“One of my mentors outside of Ecojustice, Dan Longboat, always reminds me about the teaching to work for the continuation of Creation. I realized within the first few days at Ecojustice that folks here have this common intention and our interests align,” Emily said.
“Julia taught me countless lessons that I will carry forward with me into my legal career but something that has really stood out to me is how she has demonstrated the strong voice of a successful mother, woman, lawyer, teacher and so much more — all while doing better for the earth. She has been and will continue to be a great role model for aspiring female lawyers.”
Ecojustice’s Calgary office hosted Logan Salm, a law student at the University of Saskatchewan, this summer. Logan is an avid hiker, biker, and rock climber, who enjoys scaling both the Rocky Mountains and environmental policy challenges.
Logan said spending four months in Ecojustice’s Calgary office gave him a behind-the-scenes look at how much work goes into every Ecojustice case, from the fight to protect boreal caribou in Alberta to our work to stop the unlawful and lengthy “phase-outs” of bee-killing pesticides.
“TV can give the impression that complex problems like environmental litigation can be solved in an afternoon at the courthouse,” Logan said. “They tend to breeze over the tireless dedication of lawyers who painstakingly make sure that every case has its best chance to be successful. The care lawyers in the Alberta Ecojustice office give each case constantly impressed me.
“Amidst the many negative headlines that we see, Ecojustice lawyers are able to stay positive and know that they’re making a real difference. I think the ability to stay hopeful in the face of adversity is one of the main reasons that Ecojustice is able to be so effective — and I hope to take that same spirit of realistic optimism with me into the world.”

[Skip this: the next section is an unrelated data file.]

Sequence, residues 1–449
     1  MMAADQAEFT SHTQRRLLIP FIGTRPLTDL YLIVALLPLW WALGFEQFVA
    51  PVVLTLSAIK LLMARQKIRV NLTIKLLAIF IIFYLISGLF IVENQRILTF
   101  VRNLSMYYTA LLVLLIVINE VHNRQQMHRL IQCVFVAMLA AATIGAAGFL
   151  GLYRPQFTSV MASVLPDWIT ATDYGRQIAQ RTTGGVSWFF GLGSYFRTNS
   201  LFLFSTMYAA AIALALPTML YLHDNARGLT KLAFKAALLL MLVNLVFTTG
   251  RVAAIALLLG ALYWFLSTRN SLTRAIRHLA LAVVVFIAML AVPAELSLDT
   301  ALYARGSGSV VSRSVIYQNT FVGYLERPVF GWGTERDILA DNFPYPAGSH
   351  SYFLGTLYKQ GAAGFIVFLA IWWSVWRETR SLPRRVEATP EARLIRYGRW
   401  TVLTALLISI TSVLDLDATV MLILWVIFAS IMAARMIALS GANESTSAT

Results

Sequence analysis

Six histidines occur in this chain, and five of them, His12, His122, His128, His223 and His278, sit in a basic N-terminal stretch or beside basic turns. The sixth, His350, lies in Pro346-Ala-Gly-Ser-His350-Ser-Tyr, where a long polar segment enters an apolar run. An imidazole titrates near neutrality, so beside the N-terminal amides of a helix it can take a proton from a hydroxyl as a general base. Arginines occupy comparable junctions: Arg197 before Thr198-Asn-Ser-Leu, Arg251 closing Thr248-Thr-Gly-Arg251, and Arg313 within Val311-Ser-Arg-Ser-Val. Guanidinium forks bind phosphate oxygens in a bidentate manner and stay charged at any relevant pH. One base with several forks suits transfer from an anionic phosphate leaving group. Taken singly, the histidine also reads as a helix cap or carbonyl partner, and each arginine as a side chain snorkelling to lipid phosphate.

Ecojustice’s Vancouver summer student, Ksenia Orehova, is currently studying at the Dalhousie University Schulich School of Law, specializing in environmental law. Ksenia loves to spend as much time outside as possible, and knew from a young age that she wanted to protect the natural world.
“Throughout the summer, I had the opportunity to work closely on a number of files and develop a deeper familiarity some of the issues and challenges environmental organizations commonly face,” Ksenia said.
The 2019 Vancouver student said some of her biggest takeaways from the summer came from the practical experience she gained working at Ecojustice.
“Specific highlights from my experience include attending a panel review on the Roberts Bank Terminal 2 Expansion, a project that threatens wild salmon and Southern Resident killer whales, and helping prepare written submissions for Ecojustice’s Progress Energy case, which deals with unauthorized fracking dams,” she said.
As summer comes to a close, Ecojustice is preparing for autumn — our busiest time of the year. Sign up to our email list to be the first to know when we launch a new case, appear in court, or have something to say about pressing environmental issues of the day.